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The Avian Influenza disease Virus (AIV) belongs to the species influenza virus type A, family Orthomyxoviridae, genus Alphainfluenzavirus based on the International Committee of Viral Taxonomy.

Figure 1. Structure of the Avian Influenza virus.

  • The AIV is characterized by being surrounded by a phospholipid membrane and having a spherical or filamentous shape with a size of approximately 80-120nm.
  • It contains a genome composed of 8 segments of linear single-stranded RNA with a 3-5’ sense (negative).
  • The RNA genome codes for 11 proteins, nine of which are structural (PB2, PB1, PB1-F2, PA, HA, NA, M1 and M2) and two non-structural (NS1 and NS2).
    The segments are:
    • Segment one codes for the polymerase enzyme PB2;
    • Segment two codes for the polymerase enzyme PB1 or PB1-F2;
    • Segment three codes for the enzyme acid polymerase PA.
    • The fourth segment codes for the adhesion glycoprotein called hemoagglutinin (HA), which is involved in the binding of the virus to the cell, determines the degree of virulence, and is the antigen that allows the classification of influenza A viruses into 18 different HAs (16 HAs in birds and 2HAs in bats).
    • The fifth segment codes for the nucleoprotein (N) and is the antigen that allows classification of influenza viruses by genus into A, B, C and D.
    • Segment six codes for neuroaminidase (NA), which is a glycoprotein present on the surface of the virus that is involved in the release of viral particles from host cell receptors and is the antigen that allows the classification of influenza virus type A into 11 distinct NA (9 NA in birds and 2 NA in bats).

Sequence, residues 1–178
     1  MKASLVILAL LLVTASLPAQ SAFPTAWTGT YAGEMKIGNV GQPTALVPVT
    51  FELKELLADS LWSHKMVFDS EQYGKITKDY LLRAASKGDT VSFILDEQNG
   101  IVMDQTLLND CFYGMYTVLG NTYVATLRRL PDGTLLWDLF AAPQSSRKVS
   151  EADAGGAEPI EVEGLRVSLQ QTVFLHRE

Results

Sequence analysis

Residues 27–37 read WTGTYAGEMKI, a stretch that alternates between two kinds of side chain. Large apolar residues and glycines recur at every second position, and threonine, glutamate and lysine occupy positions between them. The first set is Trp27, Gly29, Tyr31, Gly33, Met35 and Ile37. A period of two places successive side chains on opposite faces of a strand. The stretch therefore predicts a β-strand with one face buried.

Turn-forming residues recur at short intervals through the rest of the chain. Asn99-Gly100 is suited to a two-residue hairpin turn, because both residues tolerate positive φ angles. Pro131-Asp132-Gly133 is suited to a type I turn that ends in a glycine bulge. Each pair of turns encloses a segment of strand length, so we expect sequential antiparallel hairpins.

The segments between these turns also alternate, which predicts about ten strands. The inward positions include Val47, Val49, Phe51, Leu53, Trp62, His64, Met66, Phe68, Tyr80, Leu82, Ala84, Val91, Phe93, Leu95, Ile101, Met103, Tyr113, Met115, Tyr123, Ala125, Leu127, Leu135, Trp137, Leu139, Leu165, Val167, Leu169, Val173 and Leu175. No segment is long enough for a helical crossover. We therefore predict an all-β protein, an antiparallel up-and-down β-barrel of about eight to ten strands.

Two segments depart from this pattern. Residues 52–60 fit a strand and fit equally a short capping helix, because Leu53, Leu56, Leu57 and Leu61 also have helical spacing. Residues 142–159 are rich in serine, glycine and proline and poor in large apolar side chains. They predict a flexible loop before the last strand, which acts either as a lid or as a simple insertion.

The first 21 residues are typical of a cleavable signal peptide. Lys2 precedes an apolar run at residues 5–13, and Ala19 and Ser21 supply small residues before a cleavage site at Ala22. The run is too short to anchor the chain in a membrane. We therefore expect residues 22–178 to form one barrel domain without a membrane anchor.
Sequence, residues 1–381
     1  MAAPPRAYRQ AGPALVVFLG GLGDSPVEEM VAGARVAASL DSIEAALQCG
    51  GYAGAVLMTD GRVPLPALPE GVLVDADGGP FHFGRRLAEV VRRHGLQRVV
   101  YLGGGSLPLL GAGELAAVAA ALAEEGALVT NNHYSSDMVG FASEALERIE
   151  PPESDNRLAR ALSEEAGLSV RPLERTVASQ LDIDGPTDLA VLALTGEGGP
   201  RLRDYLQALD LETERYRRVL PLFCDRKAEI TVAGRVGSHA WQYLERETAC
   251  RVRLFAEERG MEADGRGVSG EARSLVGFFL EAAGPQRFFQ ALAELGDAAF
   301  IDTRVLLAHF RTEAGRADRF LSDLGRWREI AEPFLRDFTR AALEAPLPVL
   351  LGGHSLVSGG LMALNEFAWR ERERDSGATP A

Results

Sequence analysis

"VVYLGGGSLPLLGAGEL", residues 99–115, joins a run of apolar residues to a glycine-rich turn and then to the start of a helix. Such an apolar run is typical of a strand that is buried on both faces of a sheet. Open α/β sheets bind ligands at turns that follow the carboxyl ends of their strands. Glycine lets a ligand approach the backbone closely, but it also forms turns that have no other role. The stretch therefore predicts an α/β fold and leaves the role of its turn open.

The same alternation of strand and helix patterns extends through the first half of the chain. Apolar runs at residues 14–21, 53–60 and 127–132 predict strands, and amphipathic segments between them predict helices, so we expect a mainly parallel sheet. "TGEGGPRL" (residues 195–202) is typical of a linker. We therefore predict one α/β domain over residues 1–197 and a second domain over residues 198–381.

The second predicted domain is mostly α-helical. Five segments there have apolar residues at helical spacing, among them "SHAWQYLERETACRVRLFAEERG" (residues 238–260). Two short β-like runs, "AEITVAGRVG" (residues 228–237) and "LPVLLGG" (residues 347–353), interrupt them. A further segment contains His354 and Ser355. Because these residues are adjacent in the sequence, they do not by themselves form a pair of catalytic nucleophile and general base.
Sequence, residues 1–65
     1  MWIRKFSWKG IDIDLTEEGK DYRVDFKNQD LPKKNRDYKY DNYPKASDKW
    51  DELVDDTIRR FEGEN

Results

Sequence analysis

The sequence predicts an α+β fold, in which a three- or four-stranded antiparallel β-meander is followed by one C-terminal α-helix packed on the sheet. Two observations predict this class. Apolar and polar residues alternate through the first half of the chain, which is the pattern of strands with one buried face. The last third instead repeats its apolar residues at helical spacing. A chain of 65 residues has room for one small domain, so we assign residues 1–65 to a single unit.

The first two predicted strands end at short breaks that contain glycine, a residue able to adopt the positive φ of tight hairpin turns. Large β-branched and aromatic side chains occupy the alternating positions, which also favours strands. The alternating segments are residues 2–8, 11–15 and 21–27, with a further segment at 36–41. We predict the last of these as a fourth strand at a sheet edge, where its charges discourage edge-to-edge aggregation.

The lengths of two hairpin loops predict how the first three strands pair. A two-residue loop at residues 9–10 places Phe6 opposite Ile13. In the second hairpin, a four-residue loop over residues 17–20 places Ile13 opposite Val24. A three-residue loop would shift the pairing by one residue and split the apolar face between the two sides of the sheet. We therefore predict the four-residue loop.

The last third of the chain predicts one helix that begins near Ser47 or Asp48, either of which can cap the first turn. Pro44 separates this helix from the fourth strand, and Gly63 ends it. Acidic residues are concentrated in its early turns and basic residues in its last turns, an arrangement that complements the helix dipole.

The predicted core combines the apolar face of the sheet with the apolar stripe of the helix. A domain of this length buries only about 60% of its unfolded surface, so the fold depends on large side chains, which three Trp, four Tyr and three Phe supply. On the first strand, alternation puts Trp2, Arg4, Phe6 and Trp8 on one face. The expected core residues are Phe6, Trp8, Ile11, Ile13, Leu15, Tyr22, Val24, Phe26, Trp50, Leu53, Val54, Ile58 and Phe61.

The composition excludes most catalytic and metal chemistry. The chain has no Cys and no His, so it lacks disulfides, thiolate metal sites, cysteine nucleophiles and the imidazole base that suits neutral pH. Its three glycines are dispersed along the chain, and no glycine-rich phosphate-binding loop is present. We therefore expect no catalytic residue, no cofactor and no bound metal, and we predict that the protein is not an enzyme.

• Segment seven codes for the matrix (M1 and M2).
    • Finally, segment eight codes for the nonstructural protein NS1 and NS2.
  • The AIVs found in the bird class can express on their surface one of the 16 HA and one of the 9 NA that can theoretically give rise to 144 viral subtypes. These two proteins have antigenic variations through two mechanisms:
    • The first is antigenic drift consisting of base mutations (substitution, insertion, deletion or reversal) due to the lack of correction of the RNA polymerase enzyme during viral genome synthesis.
    • The second is by recombination of its segmented genes when a cell is infected by two different subtypes. The latter mechanism allows the virus to acquire genomic segments from other species such as pig and human.


Currently, the 16 HA and 9 NA are found in nature in coexistence with about 225 species of wild waterfowl distributed worldwide and belonging mainly to the order Anseriforme (ducks, geese and swans) and order Charadriiforme (gulls, terns and shorebirds).

  • These viruses are also found in wetlands which are the aquatic habitat and where water is considered a way of transmission, but the few isolates in water suggest that it is limited.

AVIAN INFLUENZAFigure 2. Rapidly detecting the introduction of new viruses.

In North America, Germany and Switzerland, the subtypes with the highest frequency in ducks are H4N6 and H6N2, while H13-H16 subtypes have been reported in shorebirds.

An example of this is the emergence and and current presence of the highly pathogenic H5N1 subtype in poultry in China, which has shown its capacity to kill domestic birds, some wild birds, mammals and, on rare occasions, humans when in close contact with poultry.

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Another example of zoonosis has been the H7N9 subtype that was detected in 14 fatal cases of 63 humans in China.

The World Health Organization also considers H9N2 to a lesser extent, which is of low pathogenicity in chickens, but has been detected in humans.


The pathogenesis of the first Mexican AIVs of low and high pathogenicity were performed in vivo experiments. In these studies, it has been